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Futurama - Volume 5



DVD Release Date: December 21, 2010 (Twentieth Century Fox Home Video) 
MSRP: $29.98 (DVD)/$39.99 (Blu-ray)
Packaging: Cardboard sleeve
Number of Discs: 2 (Double Layer)
Number of Episodes: 13
Running Time: 538 minutes
Audio: English: Dolby 5.1 Surround
Closed Captioned
Subtitles: English, French, Spanish
Special Features: Commentaries on all episodes, “The Adventures of Delivery-Boy Man” comic book, “Bend it Like Bender” music video, “Behind the Fungus: Makin’ a Hit Song,” Previously on Futurama, “The Prisoner of Benda” Live Table Read, Deleted Scenes


It’s back! After a 7-year hiatus and a handful of direct-to-DVD films, Futurama returns with a vengeance. The show originally had a five-season run on Fox before being cancelled in 2003. It was revived for four direct-to-DVD movies beginning in 2007, and finally in 2010, all new episodes premiered on Comedy Central. Being a fan from the Fox days, I can confidently say the show hasn’t missed a beat. It’s every bit as funny and irreverent as the original run.

For those unfamiliar with the series, here is the basic set up. Fry (Billy West) was a pizza delivery boy in the year 1999. Just as the millennium was about to change, he accidentally cryogenically froze himself while delivering a pizza to a lab. He then awoke in the year 2099 and ended up working for his future relative Professor Hubert Farnsworth’s delivery company Planet Express (Billy West) along with co-workers Leela (Katey Sagal) who is a mutant Cyclops and the object of Fry’s affections, robot Bender (John DiMaggio) who is a foul-mouthed heavy drinker who likes to steal, and Dr. Zoidberg (Billy West) a lobster-like alien who claims to know medical knowledge about humans.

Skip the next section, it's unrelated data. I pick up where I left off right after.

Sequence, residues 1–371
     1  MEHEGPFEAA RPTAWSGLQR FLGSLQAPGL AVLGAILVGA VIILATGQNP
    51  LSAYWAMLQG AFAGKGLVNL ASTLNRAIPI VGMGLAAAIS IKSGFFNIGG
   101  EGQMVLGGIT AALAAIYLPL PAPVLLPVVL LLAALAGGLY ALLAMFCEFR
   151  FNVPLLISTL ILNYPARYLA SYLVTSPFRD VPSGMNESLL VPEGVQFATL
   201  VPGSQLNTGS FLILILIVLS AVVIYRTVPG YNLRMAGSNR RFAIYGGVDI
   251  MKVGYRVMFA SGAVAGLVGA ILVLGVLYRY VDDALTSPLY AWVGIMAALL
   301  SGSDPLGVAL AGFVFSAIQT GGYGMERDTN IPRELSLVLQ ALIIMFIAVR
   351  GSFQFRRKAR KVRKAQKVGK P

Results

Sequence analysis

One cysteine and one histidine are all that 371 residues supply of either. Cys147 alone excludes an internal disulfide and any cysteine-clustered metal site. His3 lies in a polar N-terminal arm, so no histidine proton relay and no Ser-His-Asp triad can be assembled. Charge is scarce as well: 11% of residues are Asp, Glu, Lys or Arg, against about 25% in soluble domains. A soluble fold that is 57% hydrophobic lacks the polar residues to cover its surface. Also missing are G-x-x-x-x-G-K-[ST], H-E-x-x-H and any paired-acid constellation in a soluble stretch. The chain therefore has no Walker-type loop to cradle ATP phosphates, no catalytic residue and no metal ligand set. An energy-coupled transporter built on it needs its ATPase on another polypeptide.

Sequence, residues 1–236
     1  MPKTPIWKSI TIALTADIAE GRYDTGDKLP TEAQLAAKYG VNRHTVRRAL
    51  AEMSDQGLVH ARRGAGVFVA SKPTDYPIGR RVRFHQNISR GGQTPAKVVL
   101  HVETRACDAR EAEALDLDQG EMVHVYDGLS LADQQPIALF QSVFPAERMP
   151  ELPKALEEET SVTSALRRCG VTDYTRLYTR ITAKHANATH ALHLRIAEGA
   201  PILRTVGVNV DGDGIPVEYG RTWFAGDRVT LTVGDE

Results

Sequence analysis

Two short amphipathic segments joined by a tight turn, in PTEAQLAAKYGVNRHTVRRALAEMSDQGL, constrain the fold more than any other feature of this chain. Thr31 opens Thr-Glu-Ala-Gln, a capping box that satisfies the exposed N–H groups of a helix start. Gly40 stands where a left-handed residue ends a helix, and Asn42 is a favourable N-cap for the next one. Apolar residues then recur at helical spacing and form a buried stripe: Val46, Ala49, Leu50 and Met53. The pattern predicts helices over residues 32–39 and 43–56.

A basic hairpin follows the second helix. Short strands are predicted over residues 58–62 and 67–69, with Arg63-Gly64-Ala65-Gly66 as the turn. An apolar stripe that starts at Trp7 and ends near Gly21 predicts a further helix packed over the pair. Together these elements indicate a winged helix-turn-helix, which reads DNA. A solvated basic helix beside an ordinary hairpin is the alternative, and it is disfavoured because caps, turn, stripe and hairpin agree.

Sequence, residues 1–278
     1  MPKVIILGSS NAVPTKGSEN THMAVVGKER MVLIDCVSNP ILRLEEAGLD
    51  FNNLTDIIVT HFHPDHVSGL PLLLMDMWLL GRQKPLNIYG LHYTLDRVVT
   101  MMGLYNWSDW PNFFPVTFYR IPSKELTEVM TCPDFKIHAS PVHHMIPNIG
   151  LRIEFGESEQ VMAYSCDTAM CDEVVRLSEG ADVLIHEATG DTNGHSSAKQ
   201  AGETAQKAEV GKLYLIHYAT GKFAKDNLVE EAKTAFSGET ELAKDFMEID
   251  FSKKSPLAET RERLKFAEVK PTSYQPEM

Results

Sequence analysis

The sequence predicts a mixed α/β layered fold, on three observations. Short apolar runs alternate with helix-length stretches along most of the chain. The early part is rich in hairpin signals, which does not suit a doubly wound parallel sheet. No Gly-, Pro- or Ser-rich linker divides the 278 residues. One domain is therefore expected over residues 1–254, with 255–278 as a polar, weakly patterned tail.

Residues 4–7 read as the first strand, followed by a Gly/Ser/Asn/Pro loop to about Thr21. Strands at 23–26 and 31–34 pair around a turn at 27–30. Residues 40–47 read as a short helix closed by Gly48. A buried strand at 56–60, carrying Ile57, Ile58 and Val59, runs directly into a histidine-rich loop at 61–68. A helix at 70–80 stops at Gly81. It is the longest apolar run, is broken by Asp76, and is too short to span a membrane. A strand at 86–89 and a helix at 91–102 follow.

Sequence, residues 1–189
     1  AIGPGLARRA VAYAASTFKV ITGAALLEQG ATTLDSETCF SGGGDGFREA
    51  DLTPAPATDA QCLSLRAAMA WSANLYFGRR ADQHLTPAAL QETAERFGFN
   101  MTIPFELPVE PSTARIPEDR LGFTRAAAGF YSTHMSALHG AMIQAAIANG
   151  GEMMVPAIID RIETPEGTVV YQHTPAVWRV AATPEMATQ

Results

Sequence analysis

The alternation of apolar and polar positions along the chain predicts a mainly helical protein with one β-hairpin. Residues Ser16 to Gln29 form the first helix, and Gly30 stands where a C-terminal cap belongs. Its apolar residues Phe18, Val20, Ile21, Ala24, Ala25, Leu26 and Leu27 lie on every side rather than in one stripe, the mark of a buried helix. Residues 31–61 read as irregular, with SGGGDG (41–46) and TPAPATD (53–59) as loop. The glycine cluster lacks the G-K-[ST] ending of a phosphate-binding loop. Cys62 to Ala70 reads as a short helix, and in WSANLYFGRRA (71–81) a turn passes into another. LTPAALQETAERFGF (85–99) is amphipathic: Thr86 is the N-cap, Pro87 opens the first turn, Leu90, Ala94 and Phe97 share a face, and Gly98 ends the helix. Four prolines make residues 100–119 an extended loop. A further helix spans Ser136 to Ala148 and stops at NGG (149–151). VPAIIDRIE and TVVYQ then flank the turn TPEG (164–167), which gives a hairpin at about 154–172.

This review will cover the DVD release, since that is what we got for review.


Each episode follows some zany delivery the crew must complete or some other wacky futuristic situation that oddly parallels events going on in the present. As I mentioned earlier, this batch of 13 shows, despite such a long hiatus, doesn’t miss a beat and has the same feel and hilarity as the original run.

Some of the great episodes this season: in “Rebirth,” the season premiere, the Professor is charged with the task of resurrecting the crew after a horrific spaceship crash with comic results. “Proposition Infinity” features Bender and Amy falling in love... and leading a campaign to legalize “robosexual” marriage. In “Lethal Inspection,” Bender travels to Mexico to find the factory inspector who gave him a passing grade despite a fatal flaw. In “The Prisoner of Benda,” the gang experiments with the Professor’s mind switching machine... but can they manage to get the right minds back in the right bodies? And in “The Futurama Holiday Spectacular,” The Planet Express crew learns the meanings of Xmas, Kwanzaa and Robanukah in three short vignettes.